YottaMark’s Investors Double Down on Food Tracing Technology

8/15/12Follow @wroush

Fresh, local, organic, seasonal, sustainable—in the food world those adjectives go together so often that there’s an acronym for them, FLOSS. But if Redwood City, CA-based YottaMark has its way, there will soon be another letter to add: T, for Traceable.

As a hedge against fraud, counterfeiting, relabeling, and other common supply-chain hazards, YottaMark has developed a system of individualized security labels that can be printed out in the form of QR codes and attached as stickers to almost any product package. Using a smartphone or other mobile device, shippers, retailers, or consumers can scan a YottaMark sticker, verify that a product is authentic, and figure out where it came from.

Well, that kind of traceability turns out to be pretty useful in the fresh produce business, where YottaMark has set up a whole division called HarvestMark. And the company announced today that it has collected $24 million in new venture financing to grow the HarvestMark operation, almost doubling its total funding to $53 million.

Westbury Capital led the Series D round, which also included new investor Fairhaven Capital and existing investors ATA Ventures, Thomvest Ventures and Granite Ventures.

HarvestMark offers an app for iPhone and Android smartphones that lets shoppers scan the QR codes on the packages of participating fruit, vegetable, and poultry brands and see information about where the products were grown or raised, when they were harvested, and whether they’re subject to recall. The company says that 300 brands are using the HarvestMark codes, including Driscoll’s, Sun World, Calavo, and Petaluma Poultry. So far, products using the HarvestMark codes can be found at the supermarket chains Kroger, Fred Meyer, and Ralphs.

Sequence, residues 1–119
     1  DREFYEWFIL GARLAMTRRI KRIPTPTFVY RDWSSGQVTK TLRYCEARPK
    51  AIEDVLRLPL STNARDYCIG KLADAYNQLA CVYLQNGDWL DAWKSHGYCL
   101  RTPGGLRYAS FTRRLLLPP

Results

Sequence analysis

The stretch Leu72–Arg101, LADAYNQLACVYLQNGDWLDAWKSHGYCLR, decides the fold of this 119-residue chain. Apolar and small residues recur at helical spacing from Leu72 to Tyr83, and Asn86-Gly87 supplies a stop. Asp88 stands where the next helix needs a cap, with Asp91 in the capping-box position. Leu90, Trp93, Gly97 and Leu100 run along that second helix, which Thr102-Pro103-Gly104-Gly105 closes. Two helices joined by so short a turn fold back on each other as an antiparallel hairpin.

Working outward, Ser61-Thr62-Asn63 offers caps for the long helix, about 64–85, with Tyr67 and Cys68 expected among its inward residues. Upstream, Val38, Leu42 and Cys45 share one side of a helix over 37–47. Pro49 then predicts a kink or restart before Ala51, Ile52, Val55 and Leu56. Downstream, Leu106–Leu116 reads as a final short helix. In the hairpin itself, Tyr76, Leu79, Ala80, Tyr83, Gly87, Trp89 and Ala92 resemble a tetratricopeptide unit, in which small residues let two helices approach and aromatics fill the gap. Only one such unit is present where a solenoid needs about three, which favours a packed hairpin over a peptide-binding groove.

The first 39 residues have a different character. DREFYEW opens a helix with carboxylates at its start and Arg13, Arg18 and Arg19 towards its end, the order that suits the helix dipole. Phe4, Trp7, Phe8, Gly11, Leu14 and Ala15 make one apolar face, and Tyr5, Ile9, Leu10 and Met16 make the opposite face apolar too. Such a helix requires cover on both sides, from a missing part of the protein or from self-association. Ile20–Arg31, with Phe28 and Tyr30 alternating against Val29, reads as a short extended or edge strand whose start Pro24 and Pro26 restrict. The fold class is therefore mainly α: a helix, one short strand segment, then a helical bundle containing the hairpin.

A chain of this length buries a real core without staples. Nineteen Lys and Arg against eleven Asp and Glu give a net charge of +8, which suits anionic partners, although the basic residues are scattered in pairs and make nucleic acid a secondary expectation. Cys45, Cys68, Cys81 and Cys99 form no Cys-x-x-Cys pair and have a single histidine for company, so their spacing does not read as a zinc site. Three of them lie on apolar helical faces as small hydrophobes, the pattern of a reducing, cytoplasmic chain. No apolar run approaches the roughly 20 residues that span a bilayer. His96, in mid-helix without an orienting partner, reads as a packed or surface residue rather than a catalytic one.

YottaMark says the HarvestMark codes give produce growers an easy way to comply with standards being developed by the Produce Traceability Initiative, a program devised by the leading produce industry associations in the U.S. and Canada to create a consistent way for producers and grocers to trace food “from farm to fork.” YottaMark is one of about 50 technology vendors participating in the initiative.

Adopting the codes brings at least two benefits to producers, YottaMark argues. When there’s a food recall such as this May’s recall of baby spinach contaminated with salmonella bacteria, consumers can more easily figure out whether the food they bought is affected. That can help limit the marketing and economic impact of recalls. (A wider 2006 spinach recall drove spinach consumption to record lows, and it took the industry five years to recover.)

But just as important, according to YottaMark, the HarvestMark system addresses a growing desire on the part of shoppers to know who grew the food displayed on their local supermarkets’ produce shelves, how long ago it was harvested, and how far it traveled. The company says providing that kind of transparency can turn loyal shoppers into brand evangelists. (Shoppers can use the HarvestMark app to share social media updates about their favorite foods, or to send comments and questions directly to farmers.)

And there’s one more benefit, according to YottaMark CEO Scott Carr: the HarvestMark codes let food growers, shippers, and retailers participate in the burgeoning “big data” movement, which uses digital information about consumer spending and behavior to derive new marketing insights. The funding round will enable the company to “advance proprietary analytics that deliver actionable insights to drive retailer and producer profits,” Carr said in a buzzword-bingo-winning statement. (YottaMark did not immediately respond to Xconomy’s requests for direct comment on the funding round.)

“The fresh food industry is an emerging market with tremendous opportunity, and HarvestMark is capitalizing on the value of big data to bring food suppliers significant return on their investment,” said ATA Ventures founder Hatch Graham in a statement. “HarvestMark is the first solution that links the first and last mile of the perishable food supply chain, addressing needs at every point from farm to kitchen.”

Here’s a HarvestMark video explaining the QR code system to food producers.

Wade Roush is a contributing editor at Xconomy. Follow @wroush

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